Skip to main content

London Underground (Accident)

Volume 887: debated on Monday 3 March 1975

The text on this page has been created from Hansard archive content, it may contain typographical errors.

(by Private Notice) asked the Secretary of State for the Environment if he will make a statement on the train crash at Moorgate on Friday in which a number of people were killed.

Yes, Sir. At 08.48 on Friday 28th February a southbound train on the Highbury branch of the Northern Line of London Transport Railways overran the platform at Moorgate at speed and came into heavy collision with the buffer stops at the end of a short extension tunnel into which the first two-and-a-half cars of the six-car train became telescoped and impacted.

I much regret to have to inform the House that it is feared that altogether about 40 passengers and the driver of the train lost their lives. The bodies of 26 passengers have been identified and a further 16 persons are at present listed as missing. A further 76 passengers were admitted to hospital, and of these 42 have been discharged.

I am sure that the House will wish to join my colleagues in the Government and myself in expressing our sympathy with the relatives of those who lost their lives and best wishes for a speedy recovery to those who were injured.

I would like, too, to pay a tribute, in which I am sure all hon. Members will wish to join, to the work of the emergency services—[HON. MEMBERS: "Hear, hear."]—the police, the fire brigade, and the ambulance and medical services—and to London Transport's own staff who are carrying out the rescue and recovery operations with skill and devotion under extremely difficult conditions. The recovery of the bodies of the dead is not expected to be completed before Wednesday.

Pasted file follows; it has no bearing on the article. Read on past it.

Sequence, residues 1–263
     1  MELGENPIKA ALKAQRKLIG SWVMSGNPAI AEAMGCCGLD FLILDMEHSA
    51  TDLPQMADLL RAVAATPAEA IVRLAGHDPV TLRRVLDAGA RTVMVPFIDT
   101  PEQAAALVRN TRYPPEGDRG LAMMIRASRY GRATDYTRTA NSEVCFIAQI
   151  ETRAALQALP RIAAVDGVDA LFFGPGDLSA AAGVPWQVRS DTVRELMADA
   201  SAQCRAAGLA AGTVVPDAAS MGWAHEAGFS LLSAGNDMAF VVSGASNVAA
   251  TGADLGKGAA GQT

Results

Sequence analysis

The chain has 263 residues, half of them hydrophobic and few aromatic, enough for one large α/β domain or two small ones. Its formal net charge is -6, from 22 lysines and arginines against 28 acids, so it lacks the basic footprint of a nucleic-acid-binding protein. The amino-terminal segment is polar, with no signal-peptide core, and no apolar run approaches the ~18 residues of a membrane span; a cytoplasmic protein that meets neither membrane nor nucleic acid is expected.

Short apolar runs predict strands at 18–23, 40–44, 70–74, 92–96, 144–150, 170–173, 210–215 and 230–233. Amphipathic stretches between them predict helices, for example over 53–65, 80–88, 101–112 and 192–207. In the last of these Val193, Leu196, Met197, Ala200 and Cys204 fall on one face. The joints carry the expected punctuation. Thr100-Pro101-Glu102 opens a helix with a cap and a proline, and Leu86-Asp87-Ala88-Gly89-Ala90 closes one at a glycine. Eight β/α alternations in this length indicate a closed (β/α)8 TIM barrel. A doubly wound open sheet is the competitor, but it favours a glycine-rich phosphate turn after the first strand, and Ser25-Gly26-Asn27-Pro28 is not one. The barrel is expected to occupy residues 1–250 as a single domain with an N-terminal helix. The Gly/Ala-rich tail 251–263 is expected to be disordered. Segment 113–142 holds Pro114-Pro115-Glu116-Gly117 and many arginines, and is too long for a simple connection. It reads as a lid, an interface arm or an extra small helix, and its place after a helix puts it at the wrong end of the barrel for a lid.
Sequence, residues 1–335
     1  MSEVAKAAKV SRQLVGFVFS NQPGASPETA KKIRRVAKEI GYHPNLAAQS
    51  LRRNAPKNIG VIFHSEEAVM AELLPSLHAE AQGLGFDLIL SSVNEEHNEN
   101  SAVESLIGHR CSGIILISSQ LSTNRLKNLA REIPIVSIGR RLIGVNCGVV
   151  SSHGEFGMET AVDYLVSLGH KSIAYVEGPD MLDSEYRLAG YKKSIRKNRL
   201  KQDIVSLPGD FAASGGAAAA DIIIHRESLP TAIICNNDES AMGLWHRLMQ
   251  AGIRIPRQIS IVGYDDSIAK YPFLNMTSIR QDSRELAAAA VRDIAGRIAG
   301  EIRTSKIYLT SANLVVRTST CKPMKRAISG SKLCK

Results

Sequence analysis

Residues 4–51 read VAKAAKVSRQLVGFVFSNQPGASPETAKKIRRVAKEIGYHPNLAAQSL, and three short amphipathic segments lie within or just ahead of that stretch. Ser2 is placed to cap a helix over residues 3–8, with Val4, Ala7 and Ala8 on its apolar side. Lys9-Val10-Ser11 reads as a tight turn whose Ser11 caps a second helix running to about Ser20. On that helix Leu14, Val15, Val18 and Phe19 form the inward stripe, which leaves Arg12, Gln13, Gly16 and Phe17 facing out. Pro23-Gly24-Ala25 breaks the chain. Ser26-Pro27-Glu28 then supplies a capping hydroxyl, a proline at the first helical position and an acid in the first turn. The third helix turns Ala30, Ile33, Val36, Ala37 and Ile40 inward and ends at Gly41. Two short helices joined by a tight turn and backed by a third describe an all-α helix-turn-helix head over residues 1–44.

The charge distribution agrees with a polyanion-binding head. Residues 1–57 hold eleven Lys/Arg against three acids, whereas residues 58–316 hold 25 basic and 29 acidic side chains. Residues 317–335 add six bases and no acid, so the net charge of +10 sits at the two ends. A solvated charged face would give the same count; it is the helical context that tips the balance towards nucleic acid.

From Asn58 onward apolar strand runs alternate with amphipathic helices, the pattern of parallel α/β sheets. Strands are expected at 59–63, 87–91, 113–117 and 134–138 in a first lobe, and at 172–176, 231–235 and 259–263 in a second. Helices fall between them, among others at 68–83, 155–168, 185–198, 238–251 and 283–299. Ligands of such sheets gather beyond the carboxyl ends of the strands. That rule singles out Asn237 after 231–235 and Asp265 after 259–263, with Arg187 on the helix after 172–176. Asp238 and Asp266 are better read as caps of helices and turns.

I have ordered a public inquiry into the circumstances of the accident. It will be conducted by the Chief Inspecting Officer of Railways and will be opened as soon as possible.

On behalf of all those who live and work in the City of London and Westminster, may I associate myself and my constituents with the condolences which the Minister has expressed to the relatives of those who were killed, and extend our best wishes to those who were injured? May I say, too, how glad we all are to hear the right hon. Gentleman's praise for the emergency services. In this terrible disaster, their achievement is really beyond praise and should be a source of pride to everyone in London.

May I also thank the right hon. Gentleman for his speedy announcement of the establishment of an inquiry. This, I am sure, is the best thing to do. Will he assure the House that this inquiry, as well as looking into the specific circumstances of this tragedy, will also inquire into the servicing procedures in London Transport? Has he any information to give the House about the servicing of the rolling stock involved on this occasion?

Can the right hon. Gentleman also assure us that the inquiry will look into the question of crowding on Underground trains? On London Transport buses there are regulations about the number of people who may stand in a bus at any given time. Does the right hon. Gentleman think that this would be desirable on the Underground? Can he also say how long the inquiry's work is likely to take?

Finally, would the right hon. Gentleman not agree that, despite this great tragedy, London Transport has a safety record which is second to none, and that it would be most unfortunate if this terrible incident should cast doubt in the minds of people about the safety or the London Transport system?

I am very much obliged to the hon. Gentleman for his kind words about the emergency services. I certainly agree with him that they are beyond praise. What one may not fully realise—it is still going on—is the desperate job of clearing up the wreckage of this appalling accident. I am sure that the thoughts of the House go to my hon. Friend the Member for Islington, Central (Mr. Grant), particularly because many of his constituents were involved, and to others whose constituents have been injured and killed in this appalling affair.